Well, yeah I know it isn't July... You see, this is how it starts...
Every spring, around April, I get all geared up to make a Quilt of Valor. A quilt for a soldier. I figure that I could finish it by July. Seems, kinda, more patriotic that way. Does it ever happen? Nope. The quilt always gets done, mind you, but closer to Christmas than 4th of July. And every year, I have no idea where the quilt is going...but by the time I am finished, someone has told me about "this soldier" and suddenly my quilt has a home. It just works out that way. Quilt done by Christmas and going to a soldier that knows somebody that I know. So I don't consider it a failure. Just a slight delay.
I think this quilt has a cool story. I started it in, yep, April. Some of you may remember the starter block. I messed around with the design until I came up with something I (and the guys in my family) liked. I loved the printed batik. Maybe not traditional patriotic fabric, but it works for me. So I have my design and a stack of fabric and I start cutting and sewing. I had to put the project up at the end of May because I was going on a big trip out West, to Oregon. Here's where it gets kinda fun.
I waited in the airport for 5 hours. No, this is not the fun part, but it had a vital role in the unfolding of this story. There was a rainstorm in Ft. Worth, so the planes were all delayed. When we finally boarded our plane, I was a little stir crazy and knowing me, I strike up a conversation with my flight companion. Now, I don't always do this. I flew all the way to Boston with nary a word passing my lips aside from, "Diet Coke, please." See? I can be quiet when I wanna be. But I had sat and sat and sat at the Indianapolis airport... and I was ready to reconnect with the human race. So... my flight companion. He was an older gentleman. A sweet face. I said hello and aren't you glad we're finally taking off and why are you traveling to Ft Worth? Yes, it was nosy and I hate to say it, but I'll get a whole lot worse in just a few minutes. He says he is going to help his daughter take care of her new baby while her husband comes to Indy for the 500. I said how sweet that was. Then I ask if he's retired and he said no, he was going to retire, but then his wife passed away and what was the point of being home all day, alone? Well, that is very sad, indeed. How did she pass?- oh, yes, I did. Can you believe it? Well, he starts to munch rather slowly on his package of trail mix... She had been sick for a while and then she took her own life. Oh! I am so sorry! And incredibly shocked- not at all the answer I would have expected. But you know what? He seemed to really want to talk about it. I'm not just saying that because I pried it out of him. He didn't get into details, thankfully, but he was really working through his grief and it was, oddly enough, a beautiful thing to hear and watch as he described how he had finally decided that her actions weren't a reflection of him and their 40 year marriage. She was a good mother and wife, but she had diabetes and mental illness and a failing mind can kill you just as fast as a failing heart can. That made a whole lot of sense to me. Chronic illness takes it's toll on the whole person.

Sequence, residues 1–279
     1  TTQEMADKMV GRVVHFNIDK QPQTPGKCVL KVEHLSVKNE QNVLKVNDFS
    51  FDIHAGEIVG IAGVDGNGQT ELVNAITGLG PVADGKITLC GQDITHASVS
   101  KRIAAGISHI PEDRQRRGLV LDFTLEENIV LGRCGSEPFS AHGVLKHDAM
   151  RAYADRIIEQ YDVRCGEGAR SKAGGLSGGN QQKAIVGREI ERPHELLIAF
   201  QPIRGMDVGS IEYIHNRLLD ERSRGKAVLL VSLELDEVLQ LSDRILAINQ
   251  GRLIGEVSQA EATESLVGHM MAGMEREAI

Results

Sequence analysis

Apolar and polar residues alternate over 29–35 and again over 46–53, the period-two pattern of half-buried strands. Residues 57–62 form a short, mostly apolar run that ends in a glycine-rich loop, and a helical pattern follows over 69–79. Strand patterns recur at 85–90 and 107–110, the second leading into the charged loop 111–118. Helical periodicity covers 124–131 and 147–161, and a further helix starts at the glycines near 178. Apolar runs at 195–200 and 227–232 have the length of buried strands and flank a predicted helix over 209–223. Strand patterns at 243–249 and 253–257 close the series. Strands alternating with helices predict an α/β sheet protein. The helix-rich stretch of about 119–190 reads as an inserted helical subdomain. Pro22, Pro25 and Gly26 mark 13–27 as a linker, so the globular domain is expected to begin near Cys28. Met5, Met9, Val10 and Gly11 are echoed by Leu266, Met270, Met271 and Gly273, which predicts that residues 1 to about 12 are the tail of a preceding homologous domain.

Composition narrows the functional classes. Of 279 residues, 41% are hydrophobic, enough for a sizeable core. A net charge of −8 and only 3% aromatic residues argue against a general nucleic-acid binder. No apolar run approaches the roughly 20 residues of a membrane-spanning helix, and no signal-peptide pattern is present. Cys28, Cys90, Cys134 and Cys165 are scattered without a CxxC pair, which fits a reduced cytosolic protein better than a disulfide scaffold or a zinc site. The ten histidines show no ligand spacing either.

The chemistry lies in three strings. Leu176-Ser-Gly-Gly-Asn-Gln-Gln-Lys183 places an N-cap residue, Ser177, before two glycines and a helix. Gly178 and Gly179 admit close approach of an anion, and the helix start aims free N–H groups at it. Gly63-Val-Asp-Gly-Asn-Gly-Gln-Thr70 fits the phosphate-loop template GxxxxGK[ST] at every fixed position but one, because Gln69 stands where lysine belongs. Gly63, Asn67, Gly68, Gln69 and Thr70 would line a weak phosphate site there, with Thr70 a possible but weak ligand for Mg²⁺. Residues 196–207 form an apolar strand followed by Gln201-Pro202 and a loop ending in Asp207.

He had a very gentle way about him. He went on to describe his family and you could just see how proud he was of his son and daughter. His son was in the Navy and was due to retire in 2008- he loved the Navy, but he knew he needed to be home with his wife and three small children... Eureka! Yep, I just got my military quilt an assignment! (I was even more forward and asked him for his address and his son's name... and believe it or not, he gave it to me. I guess I looked harmless enough.) And then he was telling me about his daughter who had finally had her first child at nearly 40 years of age- after years of wondering if it would ever happen- guess who that "Leaping Lizards!" quilt is for? Alex Rex is his grandson.
It's funny how a little conversation with a complete stranger... who had such sadness in his life... made me feel better about the world. Yes, there's a lot of brokenness around us, but there is a lot of strength, too. And that should encourage all of us to keep trying. Maybe, to be more watchful of opportunities to serve and help. Service seems to be politically incorrect, but really, it's a pathway to joy.